Dealing with Databases (and Data) in Docker
There are lots of ways to handle databases in a containerized environment like Docker. Here's how to create SQL Server in a container, how to load it with the data you want and how to integrate that container into whatever project needs it. Be warned: Some PowerShell is used.
In a previous article, I showed how to set up two projects in a solution so that, when you press F5 to start debugging, those projects would start in separate Docker containers. Since one of the projects was a Web Service called from the other project (an ASP.NET MVC Core application), I also showed how to call a Web Service living in one container from an application in another container.
However, what I ignored was how either of those projects would retrieve data from a database. There's more to this than you might hope because I have several criteria for working with SQL Server in a "containerized" environment. I want:
- A container for the database and database engine so that I can deploy it, manage it and scale it separately from the other parts of my application
- A database pre-loaded with my data
- The ability to reload the data in the database when I want (either because I've updated my test data or I want to restore the test data to its original state)
The simplest solution that meets all these criteria, I've decided, is to create my own SQL Server Docker image that I can add to any project that needs it.
Really: This is the simplest solution.
To do that, I need to use a series of PowerShell commands. I could just enter those into Visual Studio's Package Manager Console window. However, I want to be able to recreate my database container with new data whenever I want. To support that, I use the PowerShell ISE editor to create a PowerShell script of my commands. When I need to refresh my data, I just rerun the script.
Creating the Initial Image
I don't have to start creating my image from scratch, though: Microsoft provides images for all the various versions of SQL Server. I chose to use the one at microsoft/mssql-server-linux with the tag :latest -- this gets me the latest version of SQL Server Developer Edition.
My first PowerShell command is to tell Docker to pull that image and keep it handy on my computer:
docker pull microsoft/mssql-server-linux:latest
Be prepared: The first time that you run this command, it will take a while to download the image. If you run this command again, however, the command will just make sure that your local version is up-to-date and won't download the image again.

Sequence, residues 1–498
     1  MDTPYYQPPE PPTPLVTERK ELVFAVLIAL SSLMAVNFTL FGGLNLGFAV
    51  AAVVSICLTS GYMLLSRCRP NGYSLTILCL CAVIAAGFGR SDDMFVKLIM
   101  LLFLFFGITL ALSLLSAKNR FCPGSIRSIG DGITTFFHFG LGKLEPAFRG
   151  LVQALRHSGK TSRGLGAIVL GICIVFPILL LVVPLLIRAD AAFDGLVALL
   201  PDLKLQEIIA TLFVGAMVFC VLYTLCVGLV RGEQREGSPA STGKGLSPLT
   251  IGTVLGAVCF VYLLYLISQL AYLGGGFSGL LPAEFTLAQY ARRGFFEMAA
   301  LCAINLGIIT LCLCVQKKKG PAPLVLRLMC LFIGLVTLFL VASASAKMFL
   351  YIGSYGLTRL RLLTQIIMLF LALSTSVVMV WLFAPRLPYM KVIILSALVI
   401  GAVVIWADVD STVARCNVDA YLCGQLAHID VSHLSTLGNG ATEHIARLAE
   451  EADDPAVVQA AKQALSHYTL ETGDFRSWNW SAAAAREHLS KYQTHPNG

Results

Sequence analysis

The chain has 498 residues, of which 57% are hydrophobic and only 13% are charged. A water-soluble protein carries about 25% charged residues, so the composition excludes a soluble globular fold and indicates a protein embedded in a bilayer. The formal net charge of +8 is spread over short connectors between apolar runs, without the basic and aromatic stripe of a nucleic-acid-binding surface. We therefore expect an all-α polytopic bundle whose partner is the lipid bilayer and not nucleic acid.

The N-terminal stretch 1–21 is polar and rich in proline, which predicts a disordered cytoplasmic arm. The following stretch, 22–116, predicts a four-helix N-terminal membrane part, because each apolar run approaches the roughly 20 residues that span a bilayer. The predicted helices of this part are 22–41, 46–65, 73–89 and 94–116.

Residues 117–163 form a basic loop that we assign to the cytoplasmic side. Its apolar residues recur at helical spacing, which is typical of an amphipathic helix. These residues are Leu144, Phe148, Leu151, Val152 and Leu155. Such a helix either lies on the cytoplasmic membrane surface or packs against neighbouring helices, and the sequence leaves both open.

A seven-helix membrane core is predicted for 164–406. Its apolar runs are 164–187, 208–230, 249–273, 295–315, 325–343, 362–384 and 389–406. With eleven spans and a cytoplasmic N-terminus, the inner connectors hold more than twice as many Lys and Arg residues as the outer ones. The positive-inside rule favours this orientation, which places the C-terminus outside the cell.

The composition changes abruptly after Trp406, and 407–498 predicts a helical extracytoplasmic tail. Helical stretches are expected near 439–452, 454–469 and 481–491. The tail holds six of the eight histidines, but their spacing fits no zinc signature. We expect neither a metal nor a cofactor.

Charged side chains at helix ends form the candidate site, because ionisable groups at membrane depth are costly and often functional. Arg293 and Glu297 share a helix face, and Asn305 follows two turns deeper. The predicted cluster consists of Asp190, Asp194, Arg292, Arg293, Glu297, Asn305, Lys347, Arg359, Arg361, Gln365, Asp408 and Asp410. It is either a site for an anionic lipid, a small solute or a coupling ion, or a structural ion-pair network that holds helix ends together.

The next step is to start up the image and have it run as a container. Because this container holds an instance of SQL Server, I have a couple of configuration options to set. I must:
- Accept SQL Server's EULA and set the system administrator's password
- Set a connection port. SQL Server listens on port 1433, which I must expose on some port on my container (lacking originality, I just tie the internal port 1433 to my container's external port 1433)
- Assign the container (not the image) the name custdb
- Detach the container to run as a background process
Here's the single command that does all of that:
docker run -e "ACCEPT_EULA=Y" `
-e "SA_PASSWORD=<strong password>" `
-p 1433:1433 `
--name custdb -d microsoft/mssql-server-linux:latest
You need to make sure that whatever password you use meets SQL Server's criteria for a strong password or this command will fail.
This is, by the way, not the ugliest command that will be required in this script.
Copying in Data
I also decided that the easiest way to load data into my "containerized" SQL Server instance was to create a backup from some existing database that held the data I wanted. I could then restore that data into my "containerized" SQL Server. This also positions me to load different datasets from different backups.
After using SQL Server Management Studio to create the backup, the next step in my script was to create a folder to hold my backup file in my custdb container. That's this command:
docker exec -it custdb mkdir /backups
Now I have to copy the backup file I'd created (CustomerData.bak) into the folder in my custdb container. I use PowerShell's cd command to make the folder holding the backup file the current folder to shorten up the file path to my backup file and then copy the file:
docker cp CustomerData.bak custdb:/backups